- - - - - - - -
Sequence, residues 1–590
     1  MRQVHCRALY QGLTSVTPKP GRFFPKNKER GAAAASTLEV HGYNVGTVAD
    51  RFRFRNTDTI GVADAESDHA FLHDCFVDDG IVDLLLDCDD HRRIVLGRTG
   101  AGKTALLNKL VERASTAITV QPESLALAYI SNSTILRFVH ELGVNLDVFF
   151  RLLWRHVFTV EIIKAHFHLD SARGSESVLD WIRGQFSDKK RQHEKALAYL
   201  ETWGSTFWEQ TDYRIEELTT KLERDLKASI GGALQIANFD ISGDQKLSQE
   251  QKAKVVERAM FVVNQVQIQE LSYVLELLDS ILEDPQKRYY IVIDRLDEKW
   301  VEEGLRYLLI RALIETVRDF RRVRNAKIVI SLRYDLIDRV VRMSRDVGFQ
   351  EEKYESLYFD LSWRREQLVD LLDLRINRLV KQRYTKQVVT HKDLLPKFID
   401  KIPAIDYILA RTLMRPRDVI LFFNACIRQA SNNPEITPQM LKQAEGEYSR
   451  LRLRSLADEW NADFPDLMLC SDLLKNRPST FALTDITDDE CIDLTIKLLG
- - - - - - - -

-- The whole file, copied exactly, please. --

Sequence, residues 1–590
     1  MRQVHCRALY QGLTSVTPKP GRFFPKNKER GAAAASTLEV HGYNVGTVAD
    51  RFRFRNTDTI GVADAESDHA FLHDCFVDDG IVDLLLDCDD HRRIVLGRTG
   101  AGKTALLNKL VERASTAITV QPESLALAYI SNSTILRFVH ELGVNLDVFF
   151  RLLWRHVFTV EIIKAHFHLD SARGSESVLD WIRGQFSDKK RQHEKALAYL
   201  ETWGSTFWEQ TDYRIEELTT KLERDLKASI GGALQIANFD ISGDQKLSQE
   251  QKAKVVERAM FVVNQVQIQE LSYVLELLDS ILEDPQKRYY IVIDRLDEKW
   301  VEEGLRYLLI RALIETVRDF RRVRNAKIVI SLRYDLIDRV VRMSRDVGFQ
   351  EEKYESLYFD LSWRREQLVD LLDLRINRLV KQRYTKQVVT HKDLLPKFID
   401  KIPAIDYILA RTLMRPRDVI LFFNACIRQA SNNPEITPQM LKQAEGEYSR
   451  LRLRSLADEW NADFPDLMLC SDLLKNRPST FALTDITDDE CIDLTIKLLG